Inagaki et al, Analysis of Aerodynamic Sound Noise Generated by Large Scaled Wind Turbines

Analysis of aerodynamic sound noise generated by a large scaled wind turbine and its physiological evaluation

Authors: T. Inagaki, Y. Li, Y. Nishi

Abstract — Aerodynamic noise generated from a modern large-scale wind turbine was measured and analyzed from an engineering point of view. The measurement items were the sound, the sound pressure level (including the infrasound with extremely low-frequency band) and the corresponding physiological evaluation. Fifteen test subjects received various sound stimuli, including the recorded aerodynamic noise and a synthetic periodical sound, [and] were examined with an electroencephalogram as a physiological evaluation. It was observed from the mapping patterns of brain waves that alpha₁ rhythm, which indicates a relaxed and concentrated state, after the sound stimulus with the frequency band of 20 Hz, showed the lowest value among the other cases. That is, the test subjects cannot keep relaxed and their concentration after hearing the sound stimulus at the frequency band of 20 Hz. The induced rate of alpha₁ rhythm almost decreased when the test subjects listened to all the sound stimuli, and further decreased with decreased frequency. Meanwhile, beta₁ rhythm, which shows a strain state, after the sound stimulus with the frequency band of 20 Hz showed the highest value among the other cases.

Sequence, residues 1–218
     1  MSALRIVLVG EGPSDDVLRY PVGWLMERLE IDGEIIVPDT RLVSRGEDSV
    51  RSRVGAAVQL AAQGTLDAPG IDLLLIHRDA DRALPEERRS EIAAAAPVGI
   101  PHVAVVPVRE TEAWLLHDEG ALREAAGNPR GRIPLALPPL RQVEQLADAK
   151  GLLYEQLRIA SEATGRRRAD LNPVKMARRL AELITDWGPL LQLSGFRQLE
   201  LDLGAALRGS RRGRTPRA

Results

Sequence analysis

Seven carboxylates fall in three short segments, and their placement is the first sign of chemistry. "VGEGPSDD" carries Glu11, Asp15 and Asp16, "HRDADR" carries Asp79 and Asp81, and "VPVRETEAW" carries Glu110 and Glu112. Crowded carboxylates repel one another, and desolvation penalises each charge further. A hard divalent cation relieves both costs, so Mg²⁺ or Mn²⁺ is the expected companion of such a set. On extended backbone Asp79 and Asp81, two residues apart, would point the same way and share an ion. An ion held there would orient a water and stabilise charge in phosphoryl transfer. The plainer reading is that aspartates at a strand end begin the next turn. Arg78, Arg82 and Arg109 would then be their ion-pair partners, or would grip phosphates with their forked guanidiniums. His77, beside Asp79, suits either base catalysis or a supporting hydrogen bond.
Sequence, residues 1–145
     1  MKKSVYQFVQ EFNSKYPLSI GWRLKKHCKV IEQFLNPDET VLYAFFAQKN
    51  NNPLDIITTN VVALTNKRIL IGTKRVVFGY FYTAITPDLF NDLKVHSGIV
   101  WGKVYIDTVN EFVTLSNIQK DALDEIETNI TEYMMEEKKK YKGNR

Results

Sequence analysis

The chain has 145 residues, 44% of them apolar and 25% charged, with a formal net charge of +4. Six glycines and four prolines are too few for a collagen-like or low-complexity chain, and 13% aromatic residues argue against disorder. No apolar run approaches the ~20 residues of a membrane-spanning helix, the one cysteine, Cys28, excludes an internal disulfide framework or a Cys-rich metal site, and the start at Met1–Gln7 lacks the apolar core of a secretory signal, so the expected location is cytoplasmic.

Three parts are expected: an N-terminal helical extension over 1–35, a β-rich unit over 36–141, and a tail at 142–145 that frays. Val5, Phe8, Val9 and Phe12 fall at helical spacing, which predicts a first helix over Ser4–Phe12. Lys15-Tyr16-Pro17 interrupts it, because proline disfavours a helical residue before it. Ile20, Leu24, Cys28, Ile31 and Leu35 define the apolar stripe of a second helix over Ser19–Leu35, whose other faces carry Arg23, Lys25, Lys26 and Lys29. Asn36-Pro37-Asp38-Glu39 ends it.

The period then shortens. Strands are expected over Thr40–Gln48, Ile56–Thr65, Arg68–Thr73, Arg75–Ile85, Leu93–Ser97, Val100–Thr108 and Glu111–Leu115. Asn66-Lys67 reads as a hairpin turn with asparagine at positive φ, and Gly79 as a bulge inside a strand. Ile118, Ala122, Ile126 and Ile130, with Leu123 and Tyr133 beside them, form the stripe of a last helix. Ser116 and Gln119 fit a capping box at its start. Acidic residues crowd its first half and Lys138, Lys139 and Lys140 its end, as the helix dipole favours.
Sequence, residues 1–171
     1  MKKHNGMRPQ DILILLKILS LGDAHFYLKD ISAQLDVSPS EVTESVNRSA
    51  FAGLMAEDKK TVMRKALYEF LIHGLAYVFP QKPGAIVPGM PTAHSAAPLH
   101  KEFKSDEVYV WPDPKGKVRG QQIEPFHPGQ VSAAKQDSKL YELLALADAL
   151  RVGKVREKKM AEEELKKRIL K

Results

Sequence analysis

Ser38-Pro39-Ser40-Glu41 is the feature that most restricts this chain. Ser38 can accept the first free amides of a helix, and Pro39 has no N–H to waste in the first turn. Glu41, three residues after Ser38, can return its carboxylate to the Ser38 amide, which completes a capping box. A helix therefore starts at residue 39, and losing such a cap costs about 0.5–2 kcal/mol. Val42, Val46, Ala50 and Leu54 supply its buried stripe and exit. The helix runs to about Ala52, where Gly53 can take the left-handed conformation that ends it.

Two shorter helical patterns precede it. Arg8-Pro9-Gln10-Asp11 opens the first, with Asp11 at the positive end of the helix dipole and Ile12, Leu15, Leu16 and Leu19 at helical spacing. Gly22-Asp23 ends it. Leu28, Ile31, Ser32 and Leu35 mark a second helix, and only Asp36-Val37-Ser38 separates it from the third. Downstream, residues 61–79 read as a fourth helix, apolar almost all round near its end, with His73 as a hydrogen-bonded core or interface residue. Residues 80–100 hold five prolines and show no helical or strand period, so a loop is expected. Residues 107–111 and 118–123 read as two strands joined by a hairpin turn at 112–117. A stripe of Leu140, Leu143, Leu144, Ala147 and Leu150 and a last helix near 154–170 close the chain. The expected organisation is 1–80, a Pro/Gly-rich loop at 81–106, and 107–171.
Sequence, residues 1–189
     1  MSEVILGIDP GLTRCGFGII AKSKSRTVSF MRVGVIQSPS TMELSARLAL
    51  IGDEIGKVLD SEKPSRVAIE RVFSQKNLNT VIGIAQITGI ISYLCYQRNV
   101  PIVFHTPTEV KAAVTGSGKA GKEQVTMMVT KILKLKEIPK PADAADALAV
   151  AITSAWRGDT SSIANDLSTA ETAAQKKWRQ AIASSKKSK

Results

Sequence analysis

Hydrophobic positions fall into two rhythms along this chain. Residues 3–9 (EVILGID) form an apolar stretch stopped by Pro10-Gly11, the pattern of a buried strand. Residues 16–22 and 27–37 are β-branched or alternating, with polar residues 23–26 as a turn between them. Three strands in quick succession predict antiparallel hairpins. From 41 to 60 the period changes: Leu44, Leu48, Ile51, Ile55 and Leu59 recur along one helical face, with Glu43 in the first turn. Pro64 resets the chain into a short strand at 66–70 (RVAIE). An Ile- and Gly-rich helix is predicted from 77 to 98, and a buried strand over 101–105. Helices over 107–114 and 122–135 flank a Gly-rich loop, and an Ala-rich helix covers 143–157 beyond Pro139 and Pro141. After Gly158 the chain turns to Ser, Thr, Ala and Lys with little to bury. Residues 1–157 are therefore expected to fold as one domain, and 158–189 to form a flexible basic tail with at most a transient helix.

Therefore, the infrasound (e.g., low frequency and inaudible for human hearing) was considered to be an annoyance to the technicians who work in close proximity to a modern large-scale wind turbine.


T. Inagaki, Y. Li, Y. Nishi
Department of Mechanical Engineering, College of Engineering, Ibaraki University, Hitachi-shi, Ibaraki-ken, Japan

The complete document may be purchased from:
International Journal of Environmental Science and Technology
June 2015, Volume 12, Issue 6, pp 1933-1944
doi: 10.1007/s13762-014-0581-4